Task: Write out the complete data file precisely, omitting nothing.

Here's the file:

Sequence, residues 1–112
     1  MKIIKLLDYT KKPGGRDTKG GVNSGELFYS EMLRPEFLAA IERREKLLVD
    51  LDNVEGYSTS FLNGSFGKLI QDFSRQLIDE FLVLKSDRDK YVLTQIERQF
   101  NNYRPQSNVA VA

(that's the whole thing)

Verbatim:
Sequence, residues 1–112
     1  MKIIKLLDYT KKPGGRDTKG GVNSGELFYS EMLRPEFLAA IERREKLLVD
    51  LDNVEGYSTS FLNGSFGKLI QDFSRQLIDE FLVLKSDRDK YVLTQIERQF
   101  NNYRPQSNVA VA